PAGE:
Unoriginal sins By James A. Morone
Sunday, May 23, 2010
In 1845, America's most famous temperance crusader, John Gough, got caught dead drunk in a bordello. He responded with what would become the fallen Puritan's standard: I've shed "bitter tears of repentance." And besides, my enemies are at the bottom of this.
Scandal has long been an occupational hazard for moralizers. Last week, Rep. Mark Souder, a Republican from Indiana, was the latest to be snared. Souder, a champion of family values and abstinence education, acknowledged an extramarital affair with an aide, Tracy Meadows Jackson. He quickly announced his resignation and -- following the familiar script -- said he was "ashamed" for having "sinned," and blamed the "poisonous environment of Washington" for his downfall.
Souder joins a long roster of lapsed Republican moralists who rode to power in part by preaching family values: Mark Foley (lewd text messages to House pages), Mark Sanford (mistress in Argentina), John Ensign (payoffs to the family of his former mistress), Larry Craig (wide stance in airport bathroom), House speaker-designate Bob Livingston (garden-variety affair) and the list goes on.
Of course, there are sinners on both sides of the aisle -- few falls from political grace have been quite as spectacular as those of Democrats John Edwards (child with a mistress) and Eliot Spitzer (Client No. 9).
You'd almost think Americans would be ready to concede the obvious -- that we are all imperfect -- and return our politicians' moral lapses to the realm of sad but private affairs. Well, that's not going to happen, and here's why.
Three different moralizing streaks run through American culture and history. The most powerful goes right back to the early Puritan settlers. Their idea was simple: Sinners impoverish themselves, diminish their communities and imperil America itself. President Ronald Reagan put it best, with a snippet mistakenly attributed to Tocqueville: "America is great because she is good. When America ceases to be good, America will cease to be great."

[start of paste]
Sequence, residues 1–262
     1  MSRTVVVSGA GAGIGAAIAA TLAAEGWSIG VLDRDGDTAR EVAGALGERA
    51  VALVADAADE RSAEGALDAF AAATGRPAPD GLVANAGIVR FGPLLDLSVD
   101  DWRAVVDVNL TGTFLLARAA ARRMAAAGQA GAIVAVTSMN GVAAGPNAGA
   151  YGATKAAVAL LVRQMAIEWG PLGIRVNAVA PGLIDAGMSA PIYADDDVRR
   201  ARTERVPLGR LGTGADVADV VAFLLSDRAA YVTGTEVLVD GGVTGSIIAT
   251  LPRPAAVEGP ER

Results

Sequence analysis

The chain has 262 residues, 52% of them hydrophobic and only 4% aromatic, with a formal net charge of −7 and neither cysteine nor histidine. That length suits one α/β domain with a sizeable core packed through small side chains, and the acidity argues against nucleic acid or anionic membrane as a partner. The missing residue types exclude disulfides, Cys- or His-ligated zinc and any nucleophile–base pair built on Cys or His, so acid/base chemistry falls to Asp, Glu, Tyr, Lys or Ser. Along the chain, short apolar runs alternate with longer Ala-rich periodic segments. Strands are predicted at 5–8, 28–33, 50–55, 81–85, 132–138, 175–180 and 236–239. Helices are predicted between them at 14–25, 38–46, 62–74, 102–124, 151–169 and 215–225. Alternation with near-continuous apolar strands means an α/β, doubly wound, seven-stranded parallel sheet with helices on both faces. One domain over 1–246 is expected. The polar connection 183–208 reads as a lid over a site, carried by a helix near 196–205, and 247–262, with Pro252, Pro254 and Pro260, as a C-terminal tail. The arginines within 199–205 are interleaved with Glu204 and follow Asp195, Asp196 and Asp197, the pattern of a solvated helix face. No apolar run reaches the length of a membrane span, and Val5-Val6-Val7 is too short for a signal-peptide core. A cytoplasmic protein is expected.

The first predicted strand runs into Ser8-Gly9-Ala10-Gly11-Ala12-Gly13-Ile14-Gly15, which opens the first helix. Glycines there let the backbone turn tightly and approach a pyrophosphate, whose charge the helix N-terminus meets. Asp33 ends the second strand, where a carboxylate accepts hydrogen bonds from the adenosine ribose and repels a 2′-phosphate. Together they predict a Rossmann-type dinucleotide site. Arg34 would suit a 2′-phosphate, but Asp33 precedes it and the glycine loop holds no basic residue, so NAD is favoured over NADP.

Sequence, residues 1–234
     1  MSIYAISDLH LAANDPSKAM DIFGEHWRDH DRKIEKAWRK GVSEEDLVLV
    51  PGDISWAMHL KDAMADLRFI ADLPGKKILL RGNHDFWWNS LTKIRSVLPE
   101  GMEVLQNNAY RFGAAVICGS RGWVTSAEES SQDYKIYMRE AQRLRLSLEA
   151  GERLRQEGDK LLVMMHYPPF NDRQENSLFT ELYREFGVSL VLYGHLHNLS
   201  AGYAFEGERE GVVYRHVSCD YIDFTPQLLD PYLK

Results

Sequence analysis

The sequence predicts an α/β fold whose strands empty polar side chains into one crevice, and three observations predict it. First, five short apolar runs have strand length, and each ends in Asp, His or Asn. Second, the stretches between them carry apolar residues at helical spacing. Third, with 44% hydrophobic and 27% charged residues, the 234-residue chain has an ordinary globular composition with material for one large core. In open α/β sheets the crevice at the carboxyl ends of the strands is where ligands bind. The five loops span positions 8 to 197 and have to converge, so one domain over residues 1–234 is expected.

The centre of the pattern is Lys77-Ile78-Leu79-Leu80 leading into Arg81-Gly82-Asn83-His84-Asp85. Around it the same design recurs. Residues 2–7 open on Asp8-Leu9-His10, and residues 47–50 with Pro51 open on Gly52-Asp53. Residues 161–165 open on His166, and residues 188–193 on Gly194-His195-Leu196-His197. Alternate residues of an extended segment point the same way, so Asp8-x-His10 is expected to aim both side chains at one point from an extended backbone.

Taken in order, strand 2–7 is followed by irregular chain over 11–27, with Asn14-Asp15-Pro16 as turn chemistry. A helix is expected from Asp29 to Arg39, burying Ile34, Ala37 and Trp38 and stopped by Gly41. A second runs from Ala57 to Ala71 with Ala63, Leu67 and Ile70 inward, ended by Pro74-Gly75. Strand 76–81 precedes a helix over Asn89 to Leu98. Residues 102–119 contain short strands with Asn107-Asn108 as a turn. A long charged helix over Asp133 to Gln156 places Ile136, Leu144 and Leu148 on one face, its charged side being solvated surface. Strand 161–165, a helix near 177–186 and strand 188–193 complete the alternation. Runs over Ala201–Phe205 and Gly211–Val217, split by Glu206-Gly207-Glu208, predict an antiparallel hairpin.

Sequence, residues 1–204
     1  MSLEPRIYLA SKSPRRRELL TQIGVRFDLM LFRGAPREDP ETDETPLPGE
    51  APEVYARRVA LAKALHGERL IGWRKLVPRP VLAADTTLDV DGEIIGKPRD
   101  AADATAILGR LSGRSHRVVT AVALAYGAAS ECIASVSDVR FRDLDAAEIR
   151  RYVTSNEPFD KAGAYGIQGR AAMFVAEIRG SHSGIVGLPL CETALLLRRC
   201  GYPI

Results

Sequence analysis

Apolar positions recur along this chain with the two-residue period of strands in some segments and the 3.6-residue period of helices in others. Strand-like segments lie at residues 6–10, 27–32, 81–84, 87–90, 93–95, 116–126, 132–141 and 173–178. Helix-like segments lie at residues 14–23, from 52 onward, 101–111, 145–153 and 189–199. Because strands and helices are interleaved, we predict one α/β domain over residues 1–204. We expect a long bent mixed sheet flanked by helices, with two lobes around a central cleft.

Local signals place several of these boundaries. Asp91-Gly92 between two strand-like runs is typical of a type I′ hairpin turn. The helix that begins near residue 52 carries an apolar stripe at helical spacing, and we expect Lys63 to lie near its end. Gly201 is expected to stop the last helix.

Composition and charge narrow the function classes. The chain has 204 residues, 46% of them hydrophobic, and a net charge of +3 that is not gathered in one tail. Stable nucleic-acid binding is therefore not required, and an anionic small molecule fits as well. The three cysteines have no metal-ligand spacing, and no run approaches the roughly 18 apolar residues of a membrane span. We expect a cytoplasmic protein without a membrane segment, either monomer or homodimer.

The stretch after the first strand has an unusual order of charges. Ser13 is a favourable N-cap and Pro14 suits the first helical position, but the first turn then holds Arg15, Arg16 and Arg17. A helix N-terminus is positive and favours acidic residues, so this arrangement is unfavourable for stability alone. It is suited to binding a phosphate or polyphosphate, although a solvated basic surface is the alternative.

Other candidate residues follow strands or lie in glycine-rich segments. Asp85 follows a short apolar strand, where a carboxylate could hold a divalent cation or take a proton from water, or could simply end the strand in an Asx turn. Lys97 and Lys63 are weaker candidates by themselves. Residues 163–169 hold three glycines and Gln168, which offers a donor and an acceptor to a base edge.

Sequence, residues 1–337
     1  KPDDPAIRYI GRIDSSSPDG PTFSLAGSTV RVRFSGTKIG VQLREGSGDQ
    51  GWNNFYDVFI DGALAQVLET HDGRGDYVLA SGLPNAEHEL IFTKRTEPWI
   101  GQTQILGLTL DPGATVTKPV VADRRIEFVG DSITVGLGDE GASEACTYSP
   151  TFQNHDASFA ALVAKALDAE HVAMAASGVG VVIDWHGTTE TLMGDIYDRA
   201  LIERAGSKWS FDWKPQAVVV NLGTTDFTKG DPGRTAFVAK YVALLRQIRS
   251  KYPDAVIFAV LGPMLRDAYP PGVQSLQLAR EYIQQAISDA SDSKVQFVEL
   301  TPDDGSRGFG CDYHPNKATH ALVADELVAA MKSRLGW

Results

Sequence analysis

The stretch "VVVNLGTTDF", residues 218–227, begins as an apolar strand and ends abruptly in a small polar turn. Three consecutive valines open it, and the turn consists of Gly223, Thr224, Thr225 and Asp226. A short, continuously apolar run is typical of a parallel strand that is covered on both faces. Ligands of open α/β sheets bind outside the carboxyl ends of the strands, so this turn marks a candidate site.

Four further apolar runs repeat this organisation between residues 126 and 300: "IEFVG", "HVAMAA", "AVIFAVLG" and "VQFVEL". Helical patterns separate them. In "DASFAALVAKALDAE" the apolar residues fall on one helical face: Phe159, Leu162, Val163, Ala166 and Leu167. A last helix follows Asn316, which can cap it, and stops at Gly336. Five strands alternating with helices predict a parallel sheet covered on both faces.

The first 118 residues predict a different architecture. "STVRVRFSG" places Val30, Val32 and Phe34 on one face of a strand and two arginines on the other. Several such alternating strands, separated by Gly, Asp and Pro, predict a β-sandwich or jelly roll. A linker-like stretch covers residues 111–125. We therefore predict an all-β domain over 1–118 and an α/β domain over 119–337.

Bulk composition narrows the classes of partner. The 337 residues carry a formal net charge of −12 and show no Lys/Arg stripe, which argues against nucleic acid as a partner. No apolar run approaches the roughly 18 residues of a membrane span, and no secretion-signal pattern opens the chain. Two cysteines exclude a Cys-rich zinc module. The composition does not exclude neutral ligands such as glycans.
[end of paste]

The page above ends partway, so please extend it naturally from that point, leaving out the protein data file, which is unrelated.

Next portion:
The quote touches the heart of the matter: Lost virtue will lead to national decline. Whenever those fears recur -- and the fears of national decline have rarely been more powerful than they are today -- cries about moral decay proliferate. Lewd leaders become a marker of the terrible state we're in.
Republicans are so often ensnared in career-ending hypocrisies because they have seized with such vigor the sackcloth of the prophet Jeremiah, who warned the sinful Israelites to repent of their wicked ways. While the Puritan jeremiad has a long American legacy, the contemporary version first showed up during the Carter administration. Evangelicals, outraged about Roe v. Wade and the proposed Equal Rights Amendment, roared onto the political scene, organized the Moral Majority, helped elect Reagan, basked in his approval ("You can't endorse me," he beamed to a convention of evangelicals in 1980, "but I endorse you") and rightfully shared the credit for the rising Republican dominance. Their continuing influence keeps the party lashed to its Puritan mast. And among the prominent neo-Puritans stood Souder himself.
House Minority Leader John A. Boehner (Ohio), in turn, did not soften his judgment when he gave Souder the shove. His office said simply that Boehner holds party members to "the highest ethical standards."